Kowert, of Take This, first became interested in the link between online gaming communities and violent extremism in the real world after coming across a 2019 nationally representative survey from ADL. As it turned out, nearly one in four respondents “were exposed to extremist white supremacist ideology in online games.” Newhouse said that estimate is “probably too conservative” at this point.

Still, ADL said, “evidence of the widespread recruitment or organization of extremists in online game environments (such as in Fortnite or other popular titles) remains anecdotal at best, and more research is needed before broad claims can be made.”

Today, the research base remains limited, but it has become clear that the problem does not only affect adults. When ADL expanded its survey to nearly 100 million respondents in 2021, the survey included young gamers aged 13-17 for the first time. ADL found that 10 percent of young gamers were “exposed to white supremacist ideologies in the context of online multiplayer games.”

Kowert immediately responded to the 2019 ADL report by flipping her investigation and partnering with Newhouse. She told Ars that the reason there is so little research is that there is so little money.

Kelley told Ars that while it’s good to see research finally getting funding, the ADL is recommending the government invest a lot more money to nip the issue in the bud. “Now is not the time to back things up with drop-in-the-bucket funds,” Kelley said. “There’s a lot more the Justice Department needs to do to fund this kind of effort.”

Gaming industry remains ignorant

Kowert told Ars that gaming companies have “legally” remained “unaware” of the magnitude of the problem” of extremism on their platforms, especially since they consider themselves gaming platforms first and social platforms second, Nieuwhuis agreed.

“It’s very, very clear in our conversations with the video game industry that they’re not fully aware of the burgeoning problem they have on their hands,” Newhouse told Ars.

According to Kelley, it’s not just social media counterterrorism efforts that gaming networks need to embrace; Gambling companies could also become safer if there were regulations like those that force social media companies to publish transparency reports. The only gaming company to ever see Kelley publish a transparency report was a small company called Wildlife Studios, which released its first report this year.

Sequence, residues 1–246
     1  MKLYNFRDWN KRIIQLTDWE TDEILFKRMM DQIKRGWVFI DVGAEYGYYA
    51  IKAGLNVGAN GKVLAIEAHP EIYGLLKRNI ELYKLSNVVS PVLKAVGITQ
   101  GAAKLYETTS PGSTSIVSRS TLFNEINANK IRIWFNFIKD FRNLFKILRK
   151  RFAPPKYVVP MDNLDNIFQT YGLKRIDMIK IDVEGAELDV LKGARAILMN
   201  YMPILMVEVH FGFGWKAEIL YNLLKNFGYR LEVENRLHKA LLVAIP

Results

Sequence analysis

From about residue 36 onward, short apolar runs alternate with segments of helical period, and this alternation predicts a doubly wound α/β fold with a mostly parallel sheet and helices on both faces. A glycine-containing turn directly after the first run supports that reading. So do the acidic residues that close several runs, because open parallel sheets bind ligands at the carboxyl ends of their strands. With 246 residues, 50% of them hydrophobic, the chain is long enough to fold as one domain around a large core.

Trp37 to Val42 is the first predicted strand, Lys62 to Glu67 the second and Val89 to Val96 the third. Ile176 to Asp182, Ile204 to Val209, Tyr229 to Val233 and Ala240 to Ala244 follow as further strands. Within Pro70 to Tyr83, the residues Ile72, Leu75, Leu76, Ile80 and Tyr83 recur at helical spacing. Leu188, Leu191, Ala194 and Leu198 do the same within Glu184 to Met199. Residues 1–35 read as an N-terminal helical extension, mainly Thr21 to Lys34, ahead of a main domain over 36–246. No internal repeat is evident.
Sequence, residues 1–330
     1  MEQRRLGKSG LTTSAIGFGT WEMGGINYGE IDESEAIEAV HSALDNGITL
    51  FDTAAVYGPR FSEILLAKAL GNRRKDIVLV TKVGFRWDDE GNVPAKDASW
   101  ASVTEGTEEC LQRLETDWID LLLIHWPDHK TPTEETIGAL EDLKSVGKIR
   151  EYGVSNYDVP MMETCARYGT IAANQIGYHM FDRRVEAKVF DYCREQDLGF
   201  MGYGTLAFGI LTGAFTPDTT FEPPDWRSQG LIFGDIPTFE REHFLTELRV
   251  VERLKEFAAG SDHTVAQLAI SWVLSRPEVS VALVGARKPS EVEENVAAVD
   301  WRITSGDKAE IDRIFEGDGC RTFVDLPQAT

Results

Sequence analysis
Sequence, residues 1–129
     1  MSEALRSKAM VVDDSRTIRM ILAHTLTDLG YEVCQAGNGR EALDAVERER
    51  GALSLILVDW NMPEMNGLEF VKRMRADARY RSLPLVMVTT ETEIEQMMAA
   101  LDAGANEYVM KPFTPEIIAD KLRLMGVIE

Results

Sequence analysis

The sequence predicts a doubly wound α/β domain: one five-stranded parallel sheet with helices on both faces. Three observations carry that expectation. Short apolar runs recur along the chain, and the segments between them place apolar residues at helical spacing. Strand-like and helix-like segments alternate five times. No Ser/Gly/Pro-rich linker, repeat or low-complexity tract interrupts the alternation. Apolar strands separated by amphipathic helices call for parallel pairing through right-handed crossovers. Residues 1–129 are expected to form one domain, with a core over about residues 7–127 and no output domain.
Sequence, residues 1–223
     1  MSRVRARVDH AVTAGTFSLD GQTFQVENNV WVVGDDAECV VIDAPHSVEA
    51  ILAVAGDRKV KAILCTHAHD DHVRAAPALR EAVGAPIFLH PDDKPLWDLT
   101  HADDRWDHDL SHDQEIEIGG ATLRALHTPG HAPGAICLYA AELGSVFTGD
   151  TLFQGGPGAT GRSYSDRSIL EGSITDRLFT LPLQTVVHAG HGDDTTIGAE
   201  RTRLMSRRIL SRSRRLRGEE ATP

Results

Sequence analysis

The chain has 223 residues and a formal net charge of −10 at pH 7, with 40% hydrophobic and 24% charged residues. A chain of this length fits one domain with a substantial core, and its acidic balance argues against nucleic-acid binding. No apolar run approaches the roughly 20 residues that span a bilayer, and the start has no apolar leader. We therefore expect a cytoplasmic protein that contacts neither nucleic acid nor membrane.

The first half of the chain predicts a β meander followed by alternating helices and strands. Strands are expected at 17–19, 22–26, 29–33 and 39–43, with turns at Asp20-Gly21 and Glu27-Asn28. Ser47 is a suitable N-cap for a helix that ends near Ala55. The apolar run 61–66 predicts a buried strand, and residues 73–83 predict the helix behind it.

“2022 will be the first time we get any kind of transparency reporting from a game company,” Kelley told Ars. “And it’s not from any of the majors. It’s not from EA. It’s not from Riot. It’s not from Blizzard.”

None of the major online gaming companies mentioned here immediately responded to Ars’s request for comment. Kelley said Roblox is the only major gaming company with a public policy on online extremism.

Part of the problem with gaming companies overlooking the issue, Kowert says, comes from the significant research base disproving that online video game content directly affects gamers’ susceptibility to extremism.

The American Psychological Association told Ars that its 2020 report stating that video games do not encourage violent behavior is still the most current statement. But Kowert says focusing discussions on video game content “impedes the conversation.” More attention should be paid to how gamers are socially reached by extremists while playing.

Kelley says CTEC’s research is an important first step toward greater government involvement in the issue, but even the game industry’s ability to adapt to social media standards may be a low bar.

“I think there’s still a long way to go for the social media industry before it has really robust transparency,” Kelley said.

ADL advises online gaming companies to go even further than social platforms when it comes to transparency. ADL wants gaming companies to audit and include statistics about “in-game extremism and toxicity in the Entertainment Software Rating Board’s game rating systems.”

More transparency is exactly what researchers focusing on extremism in online gaming communities need, Newhouse said, because research is also limited by what information is publicly available. However, gaming companies do not always enthusiastically collaborate with researchers. When Newhouse reaches out to gaming companies, he said, sharing data isn’t their instinct, and generally they should be shocked to join efforts to protect users.

“Honestly, we usually have to scare companies into listening to us,” Newhouse told Ars.

Leave a Comment